The following discussion should be read in conjunction with the financial statements and related notes contained elsewhere in this Form 10-K. Certain statements made in this discussion are “forward-looking statements” within the meaning of Section 27A of the Securities Act of 1933, as amended (the “Securities Act”) and Section 21E of the Securities Exchange Act of 1934, as amended (the “Exchange Act”).  Forward-looking statements can be identified by terminology such as “may”, “will”, “should”, “expects”, “intends”, “anticipates”, “believes”, “estimates”, “predicts”, or “continue” or the negative of these terms or other comparable terminology and include, without limitation, statements below regarding our ability to continue as a going concern, our business plans, the ability to raise working capital and expectations as to market acceptance of our products. Forward-looking statements involve risks and uncertainties and there are important factors that could cause actual results to differ materially from those expressed or implied by these forward-looking statements. These factors include, but are not limited to, our ability to continue as a going concern, our ability to generate sufficient cash to continue and expand operations, the competitive environment generally and in our specific market areas, changes in technology, the availability of and the terms of financing, changes in costs and availability of goods and services, economic conditions in general and in our specific market areas, changes in federal, state and/or local government laws and regulations potentially affecting the use of our technology, changes in operating strategy or development plans and the ability to attract and retain qualified personnel. Although we believe that expectations reflected in the forward-looking statements are reasonable, we cannot guarantee future results, performance or achievements. Indeed, it is likely that some of our assumptions may prove to be incorrect. Our actual results and financial position may vary from those projected or implied in the forward-looking statements and the variances may be material. Moreover, we do not assume responsibility for the accuracy and completeness of these forward-looking statements. The Company is under no duty to update any forward-looking statements after the date of this report to conform such statements to actual results, except as may be required by law.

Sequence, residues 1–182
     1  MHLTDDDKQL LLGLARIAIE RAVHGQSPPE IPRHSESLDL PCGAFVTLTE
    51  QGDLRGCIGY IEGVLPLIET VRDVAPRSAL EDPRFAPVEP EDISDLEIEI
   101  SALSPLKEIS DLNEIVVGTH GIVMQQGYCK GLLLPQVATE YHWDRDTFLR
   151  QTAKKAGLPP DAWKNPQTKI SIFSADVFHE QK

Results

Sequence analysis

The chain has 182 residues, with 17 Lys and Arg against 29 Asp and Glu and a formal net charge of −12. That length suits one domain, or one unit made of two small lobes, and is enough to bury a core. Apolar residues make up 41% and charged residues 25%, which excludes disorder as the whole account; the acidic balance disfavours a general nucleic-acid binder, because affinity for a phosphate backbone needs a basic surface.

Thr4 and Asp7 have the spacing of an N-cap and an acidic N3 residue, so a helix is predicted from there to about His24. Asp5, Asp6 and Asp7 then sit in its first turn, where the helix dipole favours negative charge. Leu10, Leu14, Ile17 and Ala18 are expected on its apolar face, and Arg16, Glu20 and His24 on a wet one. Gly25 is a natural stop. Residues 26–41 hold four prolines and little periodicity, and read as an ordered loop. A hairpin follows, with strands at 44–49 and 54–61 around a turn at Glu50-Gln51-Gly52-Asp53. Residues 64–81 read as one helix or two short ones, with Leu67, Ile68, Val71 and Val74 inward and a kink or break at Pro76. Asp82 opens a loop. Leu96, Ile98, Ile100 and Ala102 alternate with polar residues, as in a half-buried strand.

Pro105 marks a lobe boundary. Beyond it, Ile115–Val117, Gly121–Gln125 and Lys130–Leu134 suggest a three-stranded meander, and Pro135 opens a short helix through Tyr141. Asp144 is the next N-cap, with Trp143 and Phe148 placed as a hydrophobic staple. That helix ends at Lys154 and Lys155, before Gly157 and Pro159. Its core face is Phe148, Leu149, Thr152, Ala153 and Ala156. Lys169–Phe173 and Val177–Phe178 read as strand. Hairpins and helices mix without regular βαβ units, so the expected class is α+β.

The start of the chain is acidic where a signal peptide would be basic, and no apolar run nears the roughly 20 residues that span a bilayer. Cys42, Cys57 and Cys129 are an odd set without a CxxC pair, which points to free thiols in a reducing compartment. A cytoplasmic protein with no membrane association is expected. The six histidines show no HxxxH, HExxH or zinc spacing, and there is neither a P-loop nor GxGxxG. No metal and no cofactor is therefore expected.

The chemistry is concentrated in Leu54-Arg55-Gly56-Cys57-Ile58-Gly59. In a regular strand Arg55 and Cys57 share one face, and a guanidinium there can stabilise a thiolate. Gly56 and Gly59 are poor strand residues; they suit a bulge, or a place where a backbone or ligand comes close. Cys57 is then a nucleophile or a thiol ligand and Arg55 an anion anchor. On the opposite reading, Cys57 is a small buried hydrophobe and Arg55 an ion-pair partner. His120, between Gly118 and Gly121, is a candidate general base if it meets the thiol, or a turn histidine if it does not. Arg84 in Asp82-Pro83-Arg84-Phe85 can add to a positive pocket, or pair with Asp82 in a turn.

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PART I